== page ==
Next, we need to consider the end investor:
- Without daily data feeds, the end investors are unlikely to have an up to date view of their investment data via an online portal or mobile app. This is an important consideration – without online access to their fund data, the end investor won’t be getting the experience and service they’ve come to expect from service providers.
Finally, let’s take a look at the audit process:
- SMSF auditors have an obligation to verify that holdings as stated in the year end reports produced by the accountant are in fact correct. It’s a requirement that the auditor gets this confirmation from a reliable source.
Historically, auditors have gone and checked the holdings for share investments directly from the registry. This is usually done by visiting the share registry website (Computershare, Link, etc.)
Auditors are also able to rely on balance confirmation data from other sources, but only if that data comes with an appropriate certification e.g. ASAE 3402.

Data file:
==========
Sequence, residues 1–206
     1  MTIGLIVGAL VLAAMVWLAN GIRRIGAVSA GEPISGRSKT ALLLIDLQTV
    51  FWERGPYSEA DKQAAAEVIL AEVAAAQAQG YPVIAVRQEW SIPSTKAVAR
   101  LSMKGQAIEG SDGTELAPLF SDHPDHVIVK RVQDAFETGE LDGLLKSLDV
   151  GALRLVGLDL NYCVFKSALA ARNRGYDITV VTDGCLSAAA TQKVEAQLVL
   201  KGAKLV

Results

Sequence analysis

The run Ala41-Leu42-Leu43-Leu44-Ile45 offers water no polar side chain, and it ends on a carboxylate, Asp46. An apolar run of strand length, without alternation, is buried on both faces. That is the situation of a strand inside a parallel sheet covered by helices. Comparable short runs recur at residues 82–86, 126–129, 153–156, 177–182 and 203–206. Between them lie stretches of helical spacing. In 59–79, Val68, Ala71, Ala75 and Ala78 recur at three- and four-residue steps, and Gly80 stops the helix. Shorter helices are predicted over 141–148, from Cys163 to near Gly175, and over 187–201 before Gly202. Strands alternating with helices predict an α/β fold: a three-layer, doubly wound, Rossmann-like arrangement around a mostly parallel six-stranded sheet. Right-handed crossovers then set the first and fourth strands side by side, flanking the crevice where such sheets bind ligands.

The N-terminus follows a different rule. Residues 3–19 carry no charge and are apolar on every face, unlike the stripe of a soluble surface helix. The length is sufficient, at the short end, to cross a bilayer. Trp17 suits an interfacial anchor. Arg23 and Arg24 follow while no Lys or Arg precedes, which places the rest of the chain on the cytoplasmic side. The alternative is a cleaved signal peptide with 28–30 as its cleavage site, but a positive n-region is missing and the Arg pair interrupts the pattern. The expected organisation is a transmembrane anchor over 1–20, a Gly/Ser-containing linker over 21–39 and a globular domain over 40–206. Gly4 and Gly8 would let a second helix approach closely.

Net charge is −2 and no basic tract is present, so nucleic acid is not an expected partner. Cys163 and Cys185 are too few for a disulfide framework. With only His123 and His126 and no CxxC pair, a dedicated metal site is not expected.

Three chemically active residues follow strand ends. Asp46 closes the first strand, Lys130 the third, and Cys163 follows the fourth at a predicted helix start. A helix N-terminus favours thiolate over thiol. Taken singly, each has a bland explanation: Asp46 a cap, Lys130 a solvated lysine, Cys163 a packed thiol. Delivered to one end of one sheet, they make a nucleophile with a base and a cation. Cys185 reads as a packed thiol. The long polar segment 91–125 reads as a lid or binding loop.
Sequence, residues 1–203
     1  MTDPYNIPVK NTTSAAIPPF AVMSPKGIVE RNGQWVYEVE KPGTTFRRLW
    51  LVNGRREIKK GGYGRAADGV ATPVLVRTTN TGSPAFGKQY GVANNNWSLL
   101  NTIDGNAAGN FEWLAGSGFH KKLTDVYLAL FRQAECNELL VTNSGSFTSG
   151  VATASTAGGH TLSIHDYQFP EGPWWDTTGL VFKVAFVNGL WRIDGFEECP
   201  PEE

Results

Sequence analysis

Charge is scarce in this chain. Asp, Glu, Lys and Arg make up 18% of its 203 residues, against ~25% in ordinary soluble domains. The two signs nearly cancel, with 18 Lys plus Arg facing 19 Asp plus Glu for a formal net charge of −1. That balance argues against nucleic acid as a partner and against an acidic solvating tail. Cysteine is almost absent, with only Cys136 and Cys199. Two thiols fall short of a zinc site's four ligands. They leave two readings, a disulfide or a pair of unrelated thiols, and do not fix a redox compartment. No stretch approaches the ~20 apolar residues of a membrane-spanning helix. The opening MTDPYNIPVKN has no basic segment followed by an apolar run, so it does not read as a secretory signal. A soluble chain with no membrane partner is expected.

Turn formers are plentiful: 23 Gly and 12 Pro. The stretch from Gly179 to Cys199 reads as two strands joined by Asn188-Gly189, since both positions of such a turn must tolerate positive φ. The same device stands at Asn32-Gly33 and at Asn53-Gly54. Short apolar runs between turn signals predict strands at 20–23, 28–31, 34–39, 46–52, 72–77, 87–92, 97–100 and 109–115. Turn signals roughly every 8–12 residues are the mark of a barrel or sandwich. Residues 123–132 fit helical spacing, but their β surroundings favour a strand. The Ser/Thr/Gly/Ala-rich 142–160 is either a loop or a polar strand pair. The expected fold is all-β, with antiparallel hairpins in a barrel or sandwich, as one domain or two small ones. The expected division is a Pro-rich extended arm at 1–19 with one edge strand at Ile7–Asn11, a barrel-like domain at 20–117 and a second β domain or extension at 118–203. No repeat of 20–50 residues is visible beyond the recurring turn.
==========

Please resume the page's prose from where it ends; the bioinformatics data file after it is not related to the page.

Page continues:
What an auditor cannot do is rely on second-hand information unless it is certified. This means that statements, contract notes, registry balance checks, even bank confirmations etc. are useless for audit purposes if they come from the investor, the planner, the accountant or any other non-audited secondary source.
“The ASAE 3402 allows us to be more efficient internally and externally with the SMSF auditor and audit process. We are spending less time chasing paperwork which gives our team more time to work on funds.” Krish Sritharan, Managing Partner, Super Centric
Read now: Data Feeds – The Facts That Matter. Part 2 – Why ASAE 3402 Matters.
Read now: Data Feeds – The Facts That Matter. Part 3 – Brokers vs Share Registries.